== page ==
Success is a function of time. When you treat it as such, success becomes not a matter of “if,” but a matter of “when.” From day one, everyone you lead must know that success is not optional. It is inevitable.

Billionaire investor Chris Sacca says the primary characteristic he tries to sense when he meets with any founder for the first time is “the inevitability of success.” For him, it’s a reliable way to gauge whether the project is even worth investing in—and whether the founder genuinely believes in their own work.

As the leader, the tone-setter, and the one everyone looks to, you are the “founder.” Each member of your team is an investor. They are investing time and effort in you to take them where they want to go. They are believing in you and your vision of what is possible. And because of that, every action you take, every word you use, and every thought that runs through your mind must point back to what you’ve defined as success—your “saltshaker.”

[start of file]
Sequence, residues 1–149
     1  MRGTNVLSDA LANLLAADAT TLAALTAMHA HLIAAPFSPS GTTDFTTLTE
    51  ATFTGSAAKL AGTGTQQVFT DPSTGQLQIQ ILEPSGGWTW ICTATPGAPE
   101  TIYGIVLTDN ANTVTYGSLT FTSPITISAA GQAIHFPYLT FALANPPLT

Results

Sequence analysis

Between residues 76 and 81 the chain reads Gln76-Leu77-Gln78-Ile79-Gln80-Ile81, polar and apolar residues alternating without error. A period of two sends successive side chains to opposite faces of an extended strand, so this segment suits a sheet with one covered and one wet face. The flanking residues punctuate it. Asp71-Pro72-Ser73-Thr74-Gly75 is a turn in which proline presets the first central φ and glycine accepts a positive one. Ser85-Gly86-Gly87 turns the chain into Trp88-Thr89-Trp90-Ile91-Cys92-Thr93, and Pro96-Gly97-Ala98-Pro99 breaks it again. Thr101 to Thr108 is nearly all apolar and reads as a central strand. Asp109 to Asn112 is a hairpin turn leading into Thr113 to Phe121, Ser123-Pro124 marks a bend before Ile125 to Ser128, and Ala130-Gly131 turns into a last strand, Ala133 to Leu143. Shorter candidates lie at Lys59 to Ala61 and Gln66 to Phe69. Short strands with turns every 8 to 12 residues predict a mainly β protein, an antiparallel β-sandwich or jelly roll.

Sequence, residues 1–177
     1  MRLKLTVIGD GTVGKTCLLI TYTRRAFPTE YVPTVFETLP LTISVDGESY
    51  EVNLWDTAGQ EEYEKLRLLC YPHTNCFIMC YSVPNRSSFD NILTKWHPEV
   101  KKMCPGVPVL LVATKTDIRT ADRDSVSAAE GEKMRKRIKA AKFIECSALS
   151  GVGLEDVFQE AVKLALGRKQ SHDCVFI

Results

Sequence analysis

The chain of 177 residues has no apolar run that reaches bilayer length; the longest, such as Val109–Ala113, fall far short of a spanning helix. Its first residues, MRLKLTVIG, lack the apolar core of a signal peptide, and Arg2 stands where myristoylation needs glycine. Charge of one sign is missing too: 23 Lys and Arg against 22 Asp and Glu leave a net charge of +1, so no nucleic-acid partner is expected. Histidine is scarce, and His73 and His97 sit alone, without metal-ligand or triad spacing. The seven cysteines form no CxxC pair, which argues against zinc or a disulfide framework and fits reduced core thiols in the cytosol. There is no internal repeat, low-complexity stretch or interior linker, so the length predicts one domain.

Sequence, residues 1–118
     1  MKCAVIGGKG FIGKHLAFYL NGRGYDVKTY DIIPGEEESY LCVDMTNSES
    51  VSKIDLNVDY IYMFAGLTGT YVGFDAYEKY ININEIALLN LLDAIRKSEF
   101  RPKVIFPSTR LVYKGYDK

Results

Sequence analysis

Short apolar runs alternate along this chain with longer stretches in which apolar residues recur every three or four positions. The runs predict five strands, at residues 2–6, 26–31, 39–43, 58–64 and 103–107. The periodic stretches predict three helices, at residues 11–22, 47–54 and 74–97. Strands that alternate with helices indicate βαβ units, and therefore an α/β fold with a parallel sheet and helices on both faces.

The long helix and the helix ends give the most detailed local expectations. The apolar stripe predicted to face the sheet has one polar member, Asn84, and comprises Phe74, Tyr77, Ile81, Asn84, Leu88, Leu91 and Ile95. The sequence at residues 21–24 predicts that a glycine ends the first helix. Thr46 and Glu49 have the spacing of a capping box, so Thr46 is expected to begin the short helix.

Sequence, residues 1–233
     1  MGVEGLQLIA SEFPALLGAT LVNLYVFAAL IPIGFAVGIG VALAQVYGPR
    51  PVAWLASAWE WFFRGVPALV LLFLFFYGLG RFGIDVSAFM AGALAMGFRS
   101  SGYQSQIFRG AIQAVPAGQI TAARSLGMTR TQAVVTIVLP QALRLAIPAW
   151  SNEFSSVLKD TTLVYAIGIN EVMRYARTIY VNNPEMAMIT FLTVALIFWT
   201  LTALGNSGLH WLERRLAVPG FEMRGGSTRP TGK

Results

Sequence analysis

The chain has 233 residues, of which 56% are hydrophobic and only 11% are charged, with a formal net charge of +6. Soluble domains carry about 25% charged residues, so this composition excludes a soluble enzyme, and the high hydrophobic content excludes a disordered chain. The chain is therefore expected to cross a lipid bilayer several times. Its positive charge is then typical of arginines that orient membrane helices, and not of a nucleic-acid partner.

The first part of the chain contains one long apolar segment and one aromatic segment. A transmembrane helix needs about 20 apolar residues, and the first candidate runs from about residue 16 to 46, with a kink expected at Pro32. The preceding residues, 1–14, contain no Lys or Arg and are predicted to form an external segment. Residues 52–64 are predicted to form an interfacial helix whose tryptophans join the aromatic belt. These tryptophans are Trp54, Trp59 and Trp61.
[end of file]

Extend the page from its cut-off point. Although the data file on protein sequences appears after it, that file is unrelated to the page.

If there is any doubt or uncertainty in what you are trying to achieve, it usually comes out subtly in your language. Start by eliminating the word “if” from your vocabulary. As a leader, your words color your team’s thoughts. And their thoughts serve to inform their actions.

But ultimately, it is up to you to convince yourself of your success before you can convince anyone else. If you don’t believe in the mission, if you don’t believe in your abilities or those of your team, if you don’t genuinely believe that success is inevitable, who will?

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